The life and words of Ashley, Erin, and Michelle

Ideas for Scrapbooking Changes Over Time September 14, 2010

Have you ever said or heard the phrase “They grow up so fast”? Kids aren’t the only ones who change (quickly or slowly) over time, though. Another great example would be pregnancy – possibly the most rapid and visible change a women will ever undergo! Or, for you green thumbs out there, do you love watching your garden go from a square of black soil, to a lush expanse of greenery, to a colorful crop of ripe goodies or fragrant flowers? Scrapbooking a single photo of your garden in full bloom or your child at age four is great, but scrapping a page about how that child or garden changed over time tells a fuller story. And it’s just so much fun to see those seemingly-small changes week by week (or month by month, or year by year, etc.) add up over time to a much bigger change! In the examples here of my weekly belly photo scrapbook pages, if you compare one week to the next there’s not much change. But looking at the beginning and the end of one trimester shows quite a difference! (Click on images for full credits)

It takes commitment and discipline to track changes over time. I’m terribly forgetful – despite reminders set on both my phone and my husband’s, we would often forget to take a picture until right before bedtime, or even the next day. But even if I was tired, or didn’t feel like it, I made myself take that picture. Often it was in front of my bathroom mirror, or holding the camera out in front of my belly myself!

Here are some other ideas of what you could track over time: child’s growth (daily, weekly, monthly, and/or yearly), your yard, your garden, a single flower or vegetable plant (from planting all the way to blooming), a room in your house, school classroom, haircuts, your body (especially if you’re on a diet or trying to lose weight – maybe pair each picture with your weight that day/week/month?), holiday preparations (photo a day in December?).

All of these examples are things that may not show a big difference day to day, but it’s fascinating to see that series of photos side by side – a vivid representation of the passage of time.

To help you get started, here’s a few templates I found that are perfect for scrapping changes over time (images are linked!):

Here’s one specifically for babies, but could definitely be used for any pictures/theme!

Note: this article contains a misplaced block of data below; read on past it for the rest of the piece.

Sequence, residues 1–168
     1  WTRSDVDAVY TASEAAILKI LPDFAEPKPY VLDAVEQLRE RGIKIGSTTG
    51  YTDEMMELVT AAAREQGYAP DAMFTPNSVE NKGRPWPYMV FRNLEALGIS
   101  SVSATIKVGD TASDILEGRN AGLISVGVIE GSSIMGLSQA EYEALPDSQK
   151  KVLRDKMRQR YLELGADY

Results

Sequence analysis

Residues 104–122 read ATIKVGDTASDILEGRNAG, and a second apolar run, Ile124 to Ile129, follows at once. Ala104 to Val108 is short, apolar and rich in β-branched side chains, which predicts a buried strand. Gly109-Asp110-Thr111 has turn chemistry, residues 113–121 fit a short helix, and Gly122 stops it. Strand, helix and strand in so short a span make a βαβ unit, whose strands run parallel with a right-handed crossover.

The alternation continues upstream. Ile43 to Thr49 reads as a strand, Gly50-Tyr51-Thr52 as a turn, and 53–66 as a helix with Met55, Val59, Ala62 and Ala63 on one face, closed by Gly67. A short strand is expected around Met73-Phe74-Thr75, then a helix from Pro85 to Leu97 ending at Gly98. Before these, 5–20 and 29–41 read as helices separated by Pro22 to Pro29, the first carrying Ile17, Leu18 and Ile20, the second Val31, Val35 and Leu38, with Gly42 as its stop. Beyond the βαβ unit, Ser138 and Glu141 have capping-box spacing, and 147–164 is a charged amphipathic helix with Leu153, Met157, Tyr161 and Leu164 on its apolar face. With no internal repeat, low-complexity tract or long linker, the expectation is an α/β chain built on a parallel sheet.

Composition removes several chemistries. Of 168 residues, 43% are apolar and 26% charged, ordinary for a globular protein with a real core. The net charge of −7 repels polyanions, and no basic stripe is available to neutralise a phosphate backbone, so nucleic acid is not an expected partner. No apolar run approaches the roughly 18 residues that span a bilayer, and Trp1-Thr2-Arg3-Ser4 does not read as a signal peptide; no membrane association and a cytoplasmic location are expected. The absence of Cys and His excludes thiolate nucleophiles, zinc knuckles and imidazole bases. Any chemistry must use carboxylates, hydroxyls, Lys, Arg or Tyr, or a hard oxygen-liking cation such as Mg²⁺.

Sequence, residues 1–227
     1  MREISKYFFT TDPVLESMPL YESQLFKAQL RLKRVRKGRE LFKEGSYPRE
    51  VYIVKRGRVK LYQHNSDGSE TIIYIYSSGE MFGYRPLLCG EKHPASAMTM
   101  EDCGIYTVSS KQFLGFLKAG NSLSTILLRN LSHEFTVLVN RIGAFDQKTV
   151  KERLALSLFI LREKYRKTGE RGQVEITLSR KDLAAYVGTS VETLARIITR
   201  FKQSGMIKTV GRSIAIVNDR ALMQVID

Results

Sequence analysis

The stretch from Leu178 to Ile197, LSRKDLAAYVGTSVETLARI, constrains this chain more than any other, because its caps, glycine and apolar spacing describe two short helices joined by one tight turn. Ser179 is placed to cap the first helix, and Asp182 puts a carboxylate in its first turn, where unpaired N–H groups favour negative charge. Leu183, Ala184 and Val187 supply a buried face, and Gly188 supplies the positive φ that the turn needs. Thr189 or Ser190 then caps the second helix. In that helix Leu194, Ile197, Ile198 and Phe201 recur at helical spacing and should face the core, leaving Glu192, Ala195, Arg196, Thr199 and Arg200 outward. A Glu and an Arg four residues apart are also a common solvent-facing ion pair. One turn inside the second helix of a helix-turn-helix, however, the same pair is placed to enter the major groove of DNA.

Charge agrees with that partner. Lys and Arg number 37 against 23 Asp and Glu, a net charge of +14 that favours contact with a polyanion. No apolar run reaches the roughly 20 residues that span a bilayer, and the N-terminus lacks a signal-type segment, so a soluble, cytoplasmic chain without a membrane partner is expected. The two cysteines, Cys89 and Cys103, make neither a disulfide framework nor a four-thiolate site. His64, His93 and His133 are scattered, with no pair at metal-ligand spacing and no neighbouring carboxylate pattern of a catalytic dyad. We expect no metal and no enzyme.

Scrapping with Liz at Scrap Orchard offers this set of templates to scrap your goals:

Now I’d love to hear your thoughts! What are some other changes you can capture over time? Do you have a great template or other resource you can link us up to?


What's Something You Never Believed Until You Experienced It Yourself? July 5, 2010

Filed under: Life in General — michellehuegel @ 6:02 pm
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Until I held my first child in my arms, I didn’t truly believe in the depth of absolute, unconditional love that comes with parenthood. I didn’t comprehend the depth of love God has for me as His child. I didn’t understand the phrase “just wait till you have kids of your own!”

Then they handed me my firstborn, my son. Maybe it wasn’t even that moment. But at some point in the next few hazy, painful, exhilarating weeks I experienced the closest thing to God’s unconditional love that we can experience here on earth – the love of a mother for her child.

Now I’m the one saying “just wait till you have kids” – because no words can describe the feeling. It permeates every aspect of life and colors every interaction with your child.

What is something you never believed in, or that didn’t seem possible or “real” to you, until you experienced it personally?


Multicultural Discussions with an All-Blond Preschool Class February 23, 2010

Filed under: Life in General — Erin Joy @ 12:42 pm
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It was Sunday school on Valentine’s Day. The topic was the fact that Jesus loves everyone. The characters were Jesus and Matthew and Matthew’s tax collector friends.

The major challenge: find a way to show a classroom of blond-haired, blue-eyed children how there are so many different kinds of people in the world.

Clearly, looking at our class where I have the darkest hair, there wasn’t going to be a whole lot of first-hand examples, so I decided to make a trip to the library. I could have gone to the one in Lowell, but I knew the one between my work and home was significantly larger, so it gave me hopes that I would more likely be able to find something to help me out.

Walking into the children’s section at the library was incredibly overwhelming. Where was I supposed to find a book with photos of lots of different kids in between Angelina Ballerina and Walter the Farting Dog?

I walked to the front desk, and I talked to the librarian at the counter. She told me that our libraries are trying to place an emphasis on multicultural awareness, so there should be something for me. She then asked how old the kids were. I said between two and five.

“Sadly,” she said, “we have decided to make the program cover everyone except preschool age because no one makes multicultural books for preschoolers.” How disappointing. (As I look back, I think it’d be a great area to market, but at the time, all I could think about was how irritated I was.)

She then directed me to the children’s librarian, who directed me to a couple books, but they didn’t have a variety of people in any one of them. She seemed annoyed with me when I said, “Are there any books with less painted pictures?” She eventually found the perfect book with a ton of National Geographic pictures in it (everything from a kid herding cows in Africa to Amish kids playing ball in Pennsylvania).

The following Sunday we continued to learn about how there were differences between us and other people in the world by what we ate. I brought in tortilla chips, rice (with chopsticks) and bananas. I was impressed that the two oldest were able to use their chopsticks pretty well. We also talked about how a missionary is someone who tells people in other countries that Jesus loves them and sometimes they make sure the other people have a Bible in their language. As always, it was a thrill to see the excited looks on each of the children’s faces when they heard all of this.

For all that learning those kids have been doing, they somehow managed to associate the word “Europe” with “syrup.” But that’s preschoolers for you.